The binary logistic regression analysis, as we know, should have a dichotomous dependent variable. As far as the regressand is categorical, we cannot predict ordinary least square (OLS) estimates because the bestfit approach is based on minimizing error term and this is inappropriate in the case of categorical regressand. For that purpose, binomial probability theory is applied in logistic regression which predicts only two values: that probability (p) is 1 or 0, i.e. the event/person belongs to one group or the other.

The logistic regression model can be defined as:

But as the study encounters regressand that is of more than two categories as well as ordinal, the ordinal logistic regression estimated the odds of being at or below a specific outcome level given some regressors. The aforementioned model can be expressed in the following form as follows:

Where _{j} are cut points which usually indicates where the regressand is cut to make three categories that I observe in data. In general, the cut-points are closely related to thresholds and β_{1}, β_{2}, β_{3}, … β_{n} are logit coefficients. This PO model estimates J – 1 cut points and according to PO or parallel line assumption, it assumes the coefficients for the underlying binary models are the same across all cut points.

To estimate the likelihoods of being at or below the ^{th} category, the PO model can be extended as follows:

Most of the time the PO assumption is violated for some or the other regressors and I have to go for postestimation tests like the Brant test to testify whether the PO assumption is met for some or the other regressors or not. The Brant test estimates logistic coefficients for underlying binary logistic regression and produces the chi-square test statistics for each regressor and the overall model.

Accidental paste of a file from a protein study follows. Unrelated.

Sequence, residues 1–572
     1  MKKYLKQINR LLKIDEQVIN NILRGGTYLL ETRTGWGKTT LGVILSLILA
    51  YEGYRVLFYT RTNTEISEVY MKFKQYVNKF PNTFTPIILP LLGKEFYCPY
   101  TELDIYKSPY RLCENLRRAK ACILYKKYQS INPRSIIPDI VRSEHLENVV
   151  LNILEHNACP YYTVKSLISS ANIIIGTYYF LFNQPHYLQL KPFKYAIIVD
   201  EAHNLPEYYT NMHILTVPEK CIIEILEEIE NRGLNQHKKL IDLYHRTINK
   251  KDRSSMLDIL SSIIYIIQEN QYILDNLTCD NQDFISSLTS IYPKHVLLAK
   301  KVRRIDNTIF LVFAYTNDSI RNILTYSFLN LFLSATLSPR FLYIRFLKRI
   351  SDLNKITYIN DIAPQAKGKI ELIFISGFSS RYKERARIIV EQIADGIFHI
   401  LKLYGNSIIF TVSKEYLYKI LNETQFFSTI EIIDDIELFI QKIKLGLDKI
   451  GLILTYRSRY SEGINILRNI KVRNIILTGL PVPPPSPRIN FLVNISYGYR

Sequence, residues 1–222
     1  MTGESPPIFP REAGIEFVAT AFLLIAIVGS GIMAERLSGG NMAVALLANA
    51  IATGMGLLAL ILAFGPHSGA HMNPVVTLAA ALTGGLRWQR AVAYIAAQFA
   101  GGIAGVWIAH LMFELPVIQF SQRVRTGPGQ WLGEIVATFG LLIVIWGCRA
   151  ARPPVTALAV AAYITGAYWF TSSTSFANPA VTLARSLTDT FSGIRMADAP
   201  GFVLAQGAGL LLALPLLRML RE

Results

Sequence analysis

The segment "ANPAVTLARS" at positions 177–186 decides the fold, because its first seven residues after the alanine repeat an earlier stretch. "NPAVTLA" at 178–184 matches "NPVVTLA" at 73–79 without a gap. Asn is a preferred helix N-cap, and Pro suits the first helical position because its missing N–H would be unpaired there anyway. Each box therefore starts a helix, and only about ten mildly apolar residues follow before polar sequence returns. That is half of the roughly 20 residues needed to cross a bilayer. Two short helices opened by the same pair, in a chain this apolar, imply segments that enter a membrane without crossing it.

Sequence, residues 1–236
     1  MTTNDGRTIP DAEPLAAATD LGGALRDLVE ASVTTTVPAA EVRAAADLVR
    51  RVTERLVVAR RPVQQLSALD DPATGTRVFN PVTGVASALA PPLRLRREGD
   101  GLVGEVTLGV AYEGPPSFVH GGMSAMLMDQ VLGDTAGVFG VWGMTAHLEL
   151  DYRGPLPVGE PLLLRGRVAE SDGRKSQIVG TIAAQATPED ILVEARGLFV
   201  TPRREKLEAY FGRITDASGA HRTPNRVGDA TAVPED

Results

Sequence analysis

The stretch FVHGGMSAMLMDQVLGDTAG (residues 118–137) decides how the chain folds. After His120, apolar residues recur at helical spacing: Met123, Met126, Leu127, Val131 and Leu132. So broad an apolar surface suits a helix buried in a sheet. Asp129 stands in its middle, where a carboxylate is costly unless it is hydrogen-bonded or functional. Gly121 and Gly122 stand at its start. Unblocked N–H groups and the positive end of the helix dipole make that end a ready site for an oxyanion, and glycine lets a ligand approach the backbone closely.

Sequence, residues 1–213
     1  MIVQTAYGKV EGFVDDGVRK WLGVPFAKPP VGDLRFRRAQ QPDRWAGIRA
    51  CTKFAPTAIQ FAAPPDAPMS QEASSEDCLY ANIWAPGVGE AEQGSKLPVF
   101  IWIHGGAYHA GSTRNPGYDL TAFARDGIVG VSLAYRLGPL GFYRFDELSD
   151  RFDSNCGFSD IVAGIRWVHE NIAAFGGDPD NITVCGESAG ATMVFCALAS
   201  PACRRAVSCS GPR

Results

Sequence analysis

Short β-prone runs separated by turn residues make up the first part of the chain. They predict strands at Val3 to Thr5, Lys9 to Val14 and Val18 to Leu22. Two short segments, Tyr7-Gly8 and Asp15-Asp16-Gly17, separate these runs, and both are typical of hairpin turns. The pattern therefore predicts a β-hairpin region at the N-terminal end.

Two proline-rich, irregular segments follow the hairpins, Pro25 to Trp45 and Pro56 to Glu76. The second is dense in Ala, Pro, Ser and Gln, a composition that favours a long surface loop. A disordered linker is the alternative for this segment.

The GOLOGIT model is an extension or improvement over the PO model. Whenever the PO assumption is violated for some or the other predictor variables, the PO estimations are not correct or more appropriately say not correctly specified. The Brant test, which is used to testify the PO assumption, specifies which regressors are violating the PO assumption, and if the assumption is violated by certain regressors, then the GOLOGIT model estimates the odds freely across different levels/ categories of the regressand. The model can be expressed as follows:

The above form can also be rewritten as follows:

Where _{j}_{1j}, β_{2j}, β_{3j}, …, β_{nj} are logistic coefficients. This model estimates the likelihood of being beyond a certain level/category relative to being at or below that level/category. A positive logit coefficient indicates that the likelihood of being in a higher level/category is more for an individual/event than to a lower level/category of the regressand and vice versa. To estimate the likelihoods of being at or below a particular level/category, however, the signs must be reversed before both the intercepts and logit coefficients in equation (

A special case of the GOLOGIT model is the Partial Proportional Odds (PPO) model, which allows for interactions between a regressor that violates the PO assumption and different levels/categories of the ordinal regressand. On the other hand, the GOLOGIT model relaxes the PO assumption for each regressor to vary across different cut-points of the ordinal regressand i.e. this model estimates parameters that are different from the PPO model.

First, the Proportional Odds (PO) model uses the life satisfaction level as our regressand and human capital, material capital, and social capital as our regressors to estimate the level of life satisfaction among rural north Indians. The study controls for gender and state variables to capture the regional differences in life satisfaction levels of individuals. The human capital variables include age, years of education and health perspective of individuals, material capital includes the main source of livelihood (main occupation), possession of agricultural land and asset count and lastly; social capital includes the social category, heterogeneity of castes in villages, peaceful environment and functioning of the panchayat. The equation for PO logistic regression can be given as follows: